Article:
Polling shows more than 16% of Delawareans may not get COVID-19 vaccine
More than 16% of Delawareans said they "definitely" or "probably" won't receive the COVID-19 vaccine, according to a state survey.
About 5,700 residents were polled in mid-December, leading to what may be the most extensive report on how Delawareans feel about the COVID-19 vaccine.
Among the respondents, 70% said they would receive the vaccine and 13.2% indicated they “probably” would get the vaccines. About 9.2% of those surveyed said they would “definitely not” get the vaccine, and 7.5% responded with “probably not.”
In the two months since the first COVID-19 vaccine was administered in Delaware, the state has distributed nearly 160,000 doses. Federal and state officials have implored people to get the vaccine, expressing extreme confidence in its safety and effectiveness.
The vaccine is seen as the best way to protect oneself – and others – from contracting the virus.
Vaccine supply and distributing doses equitably are among the biggest issues facing Delaware's distribution efforts. Part of the issue is some residents are hesitant to receive the vaccine.
Many teachers, first responders and even health care workers are among Delawareans who are reluctant to receive the vaccine – or have little interest in receiving it.
"We really are very confident ... that the acceleration of vaccination is going to increase significantly over the coming weeks," Dr. Karyl Rattay, director of the Division of Public Health, said last month about vaccine hesitancy around the holidays.
This week, Gov. John Carney admitted the state has, anecdotally, seen vaccine hesitancy in health care workers.
In the state survey, the top vaccine concern was that it was “developed too fast and not tested enough,” followed by worries about side effects and lack of trust in government.
Other reasons included concerns about breastfeeding and pregnancy as well as fears about long-term effects.
Dr. Paul Offit, the Maurice R. Hilleman chair of vaccinology at Perelman School of Medicine at the University of Pennsylvania, believes one of the biggest concerns many Americans have is that the long-term effects are unknown.
"At some level, that's fair to a point, but we've reached that point, we're well past that point," Offit said. He pointed to how millions of people have received the vaccine and there have been few serious safety concerns.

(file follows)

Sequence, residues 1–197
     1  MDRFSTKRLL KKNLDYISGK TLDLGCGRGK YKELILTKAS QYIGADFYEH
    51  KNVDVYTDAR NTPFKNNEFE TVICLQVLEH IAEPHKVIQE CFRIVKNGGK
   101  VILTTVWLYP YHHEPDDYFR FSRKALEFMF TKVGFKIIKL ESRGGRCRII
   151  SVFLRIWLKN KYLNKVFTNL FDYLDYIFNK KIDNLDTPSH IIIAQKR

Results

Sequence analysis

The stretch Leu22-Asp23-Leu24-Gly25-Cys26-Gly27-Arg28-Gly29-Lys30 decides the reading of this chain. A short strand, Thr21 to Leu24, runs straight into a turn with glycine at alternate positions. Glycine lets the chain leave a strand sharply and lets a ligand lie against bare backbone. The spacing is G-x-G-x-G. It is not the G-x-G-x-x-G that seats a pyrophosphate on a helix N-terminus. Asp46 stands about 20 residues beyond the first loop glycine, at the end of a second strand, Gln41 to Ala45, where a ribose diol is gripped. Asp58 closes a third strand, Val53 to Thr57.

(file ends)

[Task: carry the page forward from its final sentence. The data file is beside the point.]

In the survey, when asked about confidence in the vaccine being safe and effective, 48.3% of residents said they have a "great deal" of confidence while 36.2% said a "fair amount.
Ten percent of respondents said "not much," and 5.5% responded by saying none at all.
When asked about messages that could influence their decision to get a vaccine, 47.5% of respondents said a statistical/data-driven approach would be most effective.
Respondents also noted that having their doctor recommend the vaccine and learning more about the science could influence them to get the vaccine.
Of the 5,700 respondents, about 86% were white while 4% were Hispanic or Latino and less than 2% were Black — vastly disproportionate to the makeup of the state.
A vast majority of the survey participants were women, and about 60% had a bachelor's degree or higher.
Jennifer Brestel, spokeswoman for the Division of Public Health, said the state is holding focus groups to better inform education efforts, though the results of these groups have yet to be completed.
These groups are focusing on consumer perceptions of the vaccine, hesitancy and where people are getting their information, she said. There is also a focus on underserved communities.
The findings from the survey are in line with many national surveys. According to an Associated Press poll, published recently, 15% of Americans said they're sure they won't get the vaccine and 17% say they probably won't.
Of those who said they won't get vaccinated, 65% were worried about side effects and don't trust the vaccine. About 38% said they didn't need the vaccines, don't know whether it will work or don't trust the government.
Offit, who is also director of the Vaccine Education Center at Children's Hospital of Philadelphia, said polling about the vaccine has been moving in a positive direction. This shows, he said, that when more information is available, more people are getting convinced.
But this likely won't apply to those who have extreme and inaccurate beliefs, particularly those who subscribe to unfounded conspiracy theories.
"If someone is a conspiracy theorist, then forget it," Offit said. "As Neil deGrasse Tyson says, 'If someone reaches a conclusion without using reason or logic, reason and logic is not going to talk them out of it.'"
Contact Meredith Newman at (302) 324-2386 or at email@example.com. Follow her on Twitter at @MereNewman.